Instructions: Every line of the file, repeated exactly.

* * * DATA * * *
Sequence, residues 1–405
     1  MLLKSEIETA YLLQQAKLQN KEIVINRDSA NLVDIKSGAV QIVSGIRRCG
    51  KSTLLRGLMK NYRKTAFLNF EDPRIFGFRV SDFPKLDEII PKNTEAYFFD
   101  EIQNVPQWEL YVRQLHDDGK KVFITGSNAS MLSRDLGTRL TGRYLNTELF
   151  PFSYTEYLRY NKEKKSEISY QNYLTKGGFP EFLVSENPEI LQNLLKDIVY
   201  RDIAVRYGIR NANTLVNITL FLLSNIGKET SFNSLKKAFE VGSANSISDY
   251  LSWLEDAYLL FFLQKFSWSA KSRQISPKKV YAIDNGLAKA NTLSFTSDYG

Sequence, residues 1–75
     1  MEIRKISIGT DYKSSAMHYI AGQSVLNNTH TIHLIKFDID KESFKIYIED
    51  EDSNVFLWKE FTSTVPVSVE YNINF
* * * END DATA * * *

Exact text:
Sequence, residues 1–405
     1  MLLKSEIETA YLLQQAKLQN KEIVINRDSA NLVDIKSGAV QIVSGIRRCG
    51  KSTLLRGLMK NYRKTAFLNF EDPRIFGFRV SDFPKLDEII PKNTEAYFFD
   101  EIQNVPQWEL YVRQLHDDGK KVFITGSNAS MLSRDLGTRL TGRYLNTELF
   151  PFSYTEYLRY NKEKKSEISY QNYLTKGGFP EFLVSENPEI LQNLLKDIVY
   201  RDIAVRYGIR NANTLVNITL FLLSNIGKET SFNSLKKAFE VGSANSISDY
   251  LSWLEDAYLL FFLQKFSWSA KSRQISPKKV YAIDNGLAKA NTLSFTSDYG

Sequence, residues 1–75
     1  MEIRKISIGT DYKSSAMHYI AGQSVLNNTH TIHLIKFDID KESFKIYIED
    51  EDSNVFLWKE FTSTVPVSVE YNINF